With several D.C. galleries downsizing, threatening to close, or closing outright, it is a relief to see a few budding entrepreneurs take the leap into opening a gallery storefront. Nestled among the antiques shops and cafés of north Georgetown, Margaret Heiner’s recently opened Heiner Contemporary is an inviting trio of galleries (if you include the front window) with chairs in the back room for contemplation. The gallery’s opening exhibition, Elizabeth Huey’s “Polychromatic Projection,” comprises works culled from Huey’s year spent as an artist-in-residence at the Smithsonian. Hers are colorful paintings that touch on outdated technologies, bizarre medicine, paranormalism, and titans of psychotherapy Sigmund Freud and Carl Jung. Huey’s exhibit also offers a local touch in “Glen Echo” (pictured), a depiction of a younger Clara Barton on the property the Red Cross founder occupied for the last 15 years of her life. When the property changed hands, the new land manager constructed a roller coaster to pressure Barton to move. But how many know the park was also a hotspot for traveling palm readers and séances? This and other obscurities are pulled together in Technicolor patches of paint that, like much of the exhibit, suggest truth can be stranger than fiction.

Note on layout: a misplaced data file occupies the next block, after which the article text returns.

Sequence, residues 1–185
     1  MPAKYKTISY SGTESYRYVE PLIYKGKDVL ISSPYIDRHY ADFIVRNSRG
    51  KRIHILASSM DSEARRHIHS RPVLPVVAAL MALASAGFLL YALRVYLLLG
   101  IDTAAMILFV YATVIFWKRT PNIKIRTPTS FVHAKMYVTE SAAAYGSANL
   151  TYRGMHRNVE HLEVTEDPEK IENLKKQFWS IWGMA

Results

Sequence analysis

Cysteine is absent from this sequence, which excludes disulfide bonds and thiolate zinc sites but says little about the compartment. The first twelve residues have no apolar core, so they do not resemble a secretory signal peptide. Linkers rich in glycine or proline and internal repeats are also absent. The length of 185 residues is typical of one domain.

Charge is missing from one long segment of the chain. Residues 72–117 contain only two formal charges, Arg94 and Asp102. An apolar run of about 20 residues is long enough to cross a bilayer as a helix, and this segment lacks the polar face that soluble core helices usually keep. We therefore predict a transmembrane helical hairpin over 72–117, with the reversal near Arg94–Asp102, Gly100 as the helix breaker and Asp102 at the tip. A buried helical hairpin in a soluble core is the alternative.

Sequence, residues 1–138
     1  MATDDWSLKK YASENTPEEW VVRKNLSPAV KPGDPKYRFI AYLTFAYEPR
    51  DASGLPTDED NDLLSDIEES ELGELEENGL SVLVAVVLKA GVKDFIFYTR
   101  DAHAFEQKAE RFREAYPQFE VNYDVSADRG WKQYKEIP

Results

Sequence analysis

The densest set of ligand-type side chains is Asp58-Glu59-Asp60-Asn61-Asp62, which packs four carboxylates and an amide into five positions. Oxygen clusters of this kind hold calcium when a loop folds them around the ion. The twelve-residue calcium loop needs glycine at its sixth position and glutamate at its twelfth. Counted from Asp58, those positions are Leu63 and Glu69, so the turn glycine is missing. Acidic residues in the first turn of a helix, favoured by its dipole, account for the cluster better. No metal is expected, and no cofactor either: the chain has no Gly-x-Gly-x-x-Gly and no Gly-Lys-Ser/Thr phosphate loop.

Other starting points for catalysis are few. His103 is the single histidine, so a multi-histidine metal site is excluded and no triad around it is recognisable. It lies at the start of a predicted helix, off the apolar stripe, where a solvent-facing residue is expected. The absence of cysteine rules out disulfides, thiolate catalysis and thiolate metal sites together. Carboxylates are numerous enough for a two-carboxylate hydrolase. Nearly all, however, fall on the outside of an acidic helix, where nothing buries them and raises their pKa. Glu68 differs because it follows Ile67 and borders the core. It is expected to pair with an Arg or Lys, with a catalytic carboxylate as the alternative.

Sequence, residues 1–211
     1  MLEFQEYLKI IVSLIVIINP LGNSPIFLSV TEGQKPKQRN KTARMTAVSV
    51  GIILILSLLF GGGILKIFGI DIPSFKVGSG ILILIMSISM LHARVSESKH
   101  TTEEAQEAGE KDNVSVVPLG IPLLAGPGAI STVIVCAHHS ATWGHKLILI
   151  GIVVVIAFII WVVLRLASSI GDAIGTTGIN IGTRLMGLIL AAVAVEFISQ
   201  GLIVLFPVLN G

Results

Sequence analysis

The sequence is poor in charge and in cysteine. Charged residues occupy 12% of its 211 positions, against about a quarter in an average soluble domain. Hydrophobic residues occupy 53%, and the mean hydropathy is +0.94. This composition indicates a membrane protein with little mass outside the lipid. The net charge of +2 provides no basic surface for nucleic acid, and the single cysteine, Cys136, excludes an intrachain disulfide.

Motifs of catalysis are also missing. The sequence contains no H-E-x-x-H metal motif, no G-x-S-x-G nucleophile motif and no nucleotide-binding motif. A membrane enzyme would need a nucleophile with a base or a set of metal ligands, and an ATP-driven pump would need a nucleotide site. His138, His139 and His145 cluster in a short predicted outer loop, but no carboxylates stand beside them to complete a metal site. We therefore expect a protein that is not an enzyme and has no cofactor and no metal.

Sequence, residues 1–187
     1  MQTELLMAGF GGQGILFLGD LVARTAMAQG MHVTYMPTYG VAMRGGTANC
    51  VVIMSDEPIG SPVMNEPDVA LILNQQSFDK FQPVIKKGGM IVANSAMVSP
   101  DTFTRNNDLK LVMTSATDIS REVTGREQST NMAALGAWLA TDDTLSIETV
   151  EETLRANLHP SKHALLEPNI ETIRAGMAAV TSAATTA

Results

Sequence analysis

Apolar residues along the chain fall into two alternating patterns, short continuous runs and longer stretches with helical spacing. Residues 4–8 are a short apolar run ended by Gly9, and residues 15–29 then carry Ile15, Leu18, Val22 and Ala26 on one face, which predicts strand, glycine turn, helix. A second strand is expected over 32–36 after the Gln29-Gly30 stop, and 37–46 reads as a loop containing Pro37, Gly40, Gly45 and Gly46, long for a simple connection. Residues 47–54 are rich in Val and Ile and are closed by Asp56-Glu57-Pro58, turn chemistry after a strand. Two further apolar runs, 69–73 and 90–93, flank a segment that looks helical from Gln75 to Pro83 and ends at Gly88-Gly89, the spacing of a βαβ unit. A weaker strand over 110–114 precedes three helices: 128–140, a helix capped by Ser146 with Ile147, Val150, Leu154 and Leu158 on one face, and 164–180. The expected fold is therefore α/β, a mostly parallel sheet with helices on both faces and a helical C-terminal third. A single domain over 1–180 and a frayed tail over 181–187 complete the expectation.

The exhibit is on view 10 a.m.-5 p.m. Tuesday to Saturday at Heiner Contemporary, 1675 Wisconsin Ave. NW. Free. (202) 338-0072.